Why Art Needs a Hole in the Head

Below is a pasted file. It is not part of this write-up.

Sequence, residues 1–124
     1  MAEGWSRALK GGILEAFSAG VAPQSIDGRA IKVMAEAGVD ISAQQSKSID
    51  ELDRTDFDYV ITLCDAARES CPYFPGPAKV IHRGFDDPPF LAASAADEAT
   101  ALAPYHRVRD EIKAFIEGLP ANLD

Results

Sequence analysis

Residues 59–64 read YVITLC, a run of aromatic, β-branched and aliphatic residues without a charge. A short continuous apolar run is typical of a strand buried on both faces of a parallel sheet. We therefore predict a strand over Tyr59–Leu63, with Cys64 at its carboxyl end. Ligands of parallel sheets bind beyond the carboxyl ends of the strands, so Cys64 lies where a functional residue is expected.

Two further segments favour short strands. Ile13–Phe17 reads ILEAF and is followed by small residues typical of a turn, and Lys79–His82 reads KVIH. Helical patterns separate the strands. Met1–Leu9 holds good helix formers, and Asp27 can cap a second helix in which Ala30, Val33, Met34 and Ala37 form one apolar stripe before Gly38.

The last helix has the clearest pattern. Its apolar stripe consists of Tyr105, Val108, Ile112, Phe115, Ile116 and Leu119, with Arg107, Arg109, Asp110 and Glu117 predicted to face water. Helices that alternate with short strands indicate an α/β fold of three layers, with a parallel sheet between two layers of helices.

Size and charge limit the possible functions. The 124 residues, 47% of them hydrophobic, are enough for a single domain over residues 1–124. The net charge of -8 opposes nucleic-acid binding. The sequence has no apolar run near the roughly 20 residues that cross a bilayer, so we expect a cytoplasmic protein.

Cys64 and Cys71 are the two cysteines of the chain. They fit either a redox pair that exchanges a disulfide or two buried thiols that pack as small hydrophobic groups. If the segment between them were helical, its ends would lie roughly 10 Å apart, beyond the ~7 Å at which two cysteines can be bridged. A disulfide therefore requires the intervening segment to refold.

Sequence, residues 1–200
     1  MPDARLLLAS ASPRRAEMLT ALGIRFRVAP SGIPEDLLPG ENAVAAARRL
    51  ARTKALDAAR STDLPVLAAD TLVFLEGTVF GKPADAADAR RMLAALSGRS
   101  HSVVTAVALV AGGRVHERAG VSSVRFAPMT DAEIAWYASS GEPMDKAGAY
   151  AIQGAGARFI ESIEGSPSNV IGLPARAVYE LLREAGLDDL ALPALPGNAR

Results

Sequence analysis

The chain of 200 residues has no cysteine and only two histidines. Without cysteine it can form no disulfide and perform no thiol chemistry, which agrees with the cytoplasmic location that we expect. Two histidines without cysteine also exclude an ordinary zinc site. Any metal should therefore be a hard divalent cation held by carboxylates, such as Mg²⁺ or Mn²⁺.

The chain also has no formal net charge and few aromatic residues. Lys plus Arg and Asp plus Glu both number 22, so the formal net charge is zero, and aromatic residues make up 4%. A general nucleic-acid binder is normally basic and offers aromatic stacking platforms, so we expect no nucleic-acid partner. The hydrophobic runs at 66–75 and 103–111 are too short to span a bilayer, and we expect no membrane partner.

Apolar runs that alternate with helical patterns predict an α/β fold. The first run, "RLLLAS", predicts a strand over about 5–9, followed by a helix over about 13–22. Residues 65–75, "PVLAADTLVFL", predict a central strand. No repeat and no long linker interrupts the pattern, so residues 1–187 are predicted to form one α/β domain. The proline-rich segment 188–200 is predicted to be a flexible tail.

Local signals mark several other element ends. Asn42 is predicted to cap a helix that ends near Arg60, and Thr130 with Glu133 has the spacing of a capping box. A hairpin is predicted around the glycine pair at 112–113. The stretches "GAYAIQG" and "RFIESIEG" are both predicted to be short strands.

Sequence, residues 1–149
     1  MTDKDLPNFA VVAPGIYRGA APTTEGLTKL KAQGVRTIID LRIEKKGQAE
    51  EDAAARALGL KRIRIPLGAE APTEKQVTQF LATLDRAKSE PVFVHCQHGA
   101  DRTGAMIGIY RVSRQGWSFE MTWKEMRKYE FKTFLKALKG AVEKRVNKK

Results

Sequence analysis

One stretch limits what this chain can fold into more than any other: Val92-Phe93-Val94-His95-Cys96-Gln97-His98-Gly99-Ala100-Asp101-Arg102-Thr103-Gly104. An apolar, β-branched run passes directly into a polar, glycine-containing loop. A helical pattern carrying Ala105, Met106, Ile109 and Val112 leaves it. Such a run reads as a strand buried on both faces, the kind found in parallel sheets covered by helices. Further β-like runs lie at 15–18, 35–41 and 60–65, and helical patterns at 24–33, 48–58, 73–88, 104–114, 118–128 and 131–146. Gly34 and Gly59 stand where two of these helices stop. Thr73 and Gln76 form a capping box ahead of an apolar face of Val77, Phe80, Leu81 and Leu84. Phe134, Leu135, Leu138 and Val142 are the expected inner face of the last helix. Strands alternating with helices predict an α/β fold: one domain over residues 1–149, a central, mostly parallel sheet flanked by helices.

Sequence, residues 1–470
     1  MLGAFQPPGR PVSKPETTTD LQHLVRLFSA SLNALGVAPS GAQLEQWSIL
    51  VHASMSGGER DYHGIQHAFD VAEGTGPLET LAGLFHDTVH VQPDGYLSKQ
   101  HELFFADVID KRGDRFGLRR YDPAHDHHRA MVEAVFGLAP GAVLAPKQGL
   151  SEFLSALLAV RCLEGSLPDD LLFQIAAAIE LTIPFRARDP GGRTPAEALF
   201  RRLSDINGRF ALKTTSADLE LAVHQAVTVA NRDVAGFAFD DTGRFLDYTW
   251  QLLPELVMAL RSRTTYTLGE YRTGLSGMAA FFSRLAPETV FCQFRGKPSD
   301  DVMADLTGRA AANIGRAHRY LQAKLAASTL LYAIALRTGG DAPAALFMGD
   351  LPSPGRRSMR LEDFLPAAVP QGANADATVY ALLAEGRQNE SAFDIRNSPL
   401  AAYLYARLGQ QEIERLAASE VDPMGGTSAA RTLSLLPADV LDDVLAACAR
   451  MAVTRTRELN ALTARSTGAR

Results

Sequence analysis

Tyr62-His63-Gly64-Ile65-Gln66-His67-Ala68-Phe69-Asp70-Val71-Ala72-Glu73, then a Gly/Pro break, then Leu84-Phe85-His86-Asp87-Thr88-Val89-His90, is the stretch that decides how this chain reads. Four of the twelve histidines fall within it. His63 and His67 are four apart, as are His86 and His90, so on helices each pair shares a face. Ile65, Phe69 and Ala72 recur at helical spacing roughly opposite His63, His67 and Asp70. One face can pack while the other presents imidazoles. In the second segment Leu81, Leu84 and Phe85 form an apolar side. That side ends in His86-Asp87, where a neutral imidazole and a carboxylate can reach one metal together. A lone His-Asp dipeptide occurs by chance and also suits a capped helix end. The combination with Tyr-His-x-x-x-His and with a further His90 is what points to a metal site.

Since 2000, the online journal Drunken Boat has been describing wayward contours through an intermedia landscape at least as strange as the one evoked by the 'Bateau ivre' of French poet Arthur Rimbaud. Issue #7 is dedicated to the neurological condition 'aphasia' and those whom it afflicts and inspires. It is the Drunken Boat's editors' contention that aphasia, a result of the brain's inability to match sensory input and linguistic expression, has the potential to realign the way we think about creativity. There is an ensemble of approaches to the subject, sometimes tangential, at times personal and head-on, from poets, essayists, film-makers, sound artists, and an opera singer. Sound files, text works, images and videos abound. Digital artist Christina McPhee's Aphasia + Parrhesia figures a link between neural nets and the internet via the cyborg body and the metaphor of access to/denial of speech. Drunken Boat's excursus into the murky terrain of brain disorder eschews pathos and 'idiot savant' triumphalism alike. Instead, it opens up the sealed circuit of silence and fear to a rich and skewed speech at the borders of the possible. - Marina Vishmidt